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The United Kingdom’s Ajax armored cavalry program is true competition of the United States’ F-35 Joint Strike Fighter program in terms of issues it has come to face.
Currently, General Dynamics’ land systems operation in Spain has already built half of the hulls for the program, even though the future of the Ajax is a complete mystery.
The company signed a deal with the British government in 2014 worth $7.6 billion for 589 vehicles. Currently, 20% of the fleet are entirely built and were delivered or pending delivery.
A further 30 vehicles are undergoing assembly, integration and test (AIT) in Merthyr Tydfil, Wales, and half of the hulls are simply built.
Twenty-five vehicles were delivered to the British Army by June 2021, but have yet to be accepted into service due to a number of issues related to noise and vibration.
Based on the General Dynamics European Land Systems ASCOD infantry fighting vehicle, developed for the Spanish and Austrian militaries, the Ajax family includes a turreted reconnaissance vehicle, the ARES armored personnel carrier, and various support platforms.
The problems with noise and vibration have pitched Ajax and are a significant issue, since the procurement is comparable with the decision to cancel the Nimrod maritime patrol aircraft in 2010.
The United Kingdom’s procurement minister Jeremy Quin made two statements to Parliament regarding the problems with the Ajax family in a little over two months.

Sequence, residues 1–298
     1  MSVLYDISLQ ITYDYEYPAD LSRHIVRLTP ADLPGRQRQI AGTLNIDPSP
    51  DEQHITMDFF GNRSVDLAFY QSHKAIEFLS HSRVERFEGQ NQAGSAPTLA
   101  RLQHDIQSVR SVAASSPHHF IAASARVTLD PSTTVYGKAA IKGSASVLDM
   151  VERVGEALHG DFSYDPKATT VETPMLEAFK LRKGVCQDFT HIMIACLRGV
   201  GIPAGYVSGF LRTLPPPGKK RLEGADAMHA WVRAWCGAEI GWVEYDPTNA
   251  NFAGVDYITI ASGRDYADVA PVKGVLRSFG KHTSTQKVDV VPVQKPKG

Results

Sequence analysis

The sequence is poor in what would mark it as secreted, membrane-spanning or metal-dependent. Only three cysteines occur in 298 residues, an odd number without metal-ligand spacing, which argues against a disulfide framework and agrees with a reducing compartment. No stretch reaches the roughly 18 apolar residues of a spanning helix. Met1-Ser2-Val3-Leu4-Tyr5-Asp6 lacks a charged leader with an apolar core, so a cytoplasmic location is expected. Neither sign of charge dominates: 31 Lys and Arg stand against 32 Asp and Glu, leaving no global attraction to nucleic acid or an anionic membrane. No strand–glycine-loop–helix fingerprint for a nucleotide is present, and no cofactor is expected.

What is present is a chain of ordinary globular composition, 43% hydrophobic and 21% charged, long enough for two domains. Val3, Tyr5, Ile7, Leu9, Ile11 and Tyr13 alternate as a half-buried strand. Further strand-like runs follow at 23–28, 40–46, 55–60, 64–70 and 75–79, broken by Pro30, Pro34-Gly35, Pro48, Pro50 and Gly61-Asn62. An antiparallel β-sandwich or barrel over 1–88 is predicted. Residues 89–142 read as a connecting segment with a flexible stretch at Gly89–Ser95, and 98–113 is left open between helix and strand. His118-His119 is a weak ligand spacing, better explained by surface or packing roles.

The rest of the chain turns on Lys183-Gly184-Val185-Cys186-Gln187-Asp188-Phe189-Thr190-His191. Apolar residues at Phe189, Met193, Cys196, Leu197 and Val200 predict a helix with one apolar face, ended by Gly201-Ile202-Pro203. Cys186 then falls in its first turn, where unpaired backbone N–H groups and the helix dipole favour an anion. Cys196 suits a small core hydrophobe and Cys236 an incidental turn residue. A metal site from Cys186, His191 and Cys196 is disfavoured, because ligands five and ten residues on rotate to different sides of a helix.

Ajax vehicles should have been in service by now, but Quin told Parliament recently that until a long-term solution was found it was “not possible to determine a realistic timescale for declaration of initial operating capability or the later introduction of Ajax vehicles into operational service with the Army.”
So far, more than half of the program funds have been swallowed up, and there’s still a plethora of issues.
At one point the Ministry of Defense halted trials work, and the UK’s Defense Secretary Ben Wallace put into question whether the program should continue at all, unless some solutions were figured out.
The trials are still halted by the UK MoD, but some resumed under the General Dynamics staff, and not the British military.
Work is now ongoing to figure out fixes to the issues, and another vehicle is being added that will be tested by the producer. Following the authorization of a MoD safety panel, a second ARES armored personnel carrier variant of the Ajax is being added to the small fleet of vehicles now gathering data in an effort to resolve the problems.
Currently, the vehicle’s future is in question, but assembly work and limited testing is on-going, it is unclear if it will ever see any form of actual operation as part of the British Army. Deliveries should have begun by 2017 and be completed by 2020, but that is far in the past now, and no actual operation has been achieved.
It is yet to be seen if it will actually be deployed in the British military and become a money pit similar to the F-35 fighter jet program, or the UK may yet escape the swamp.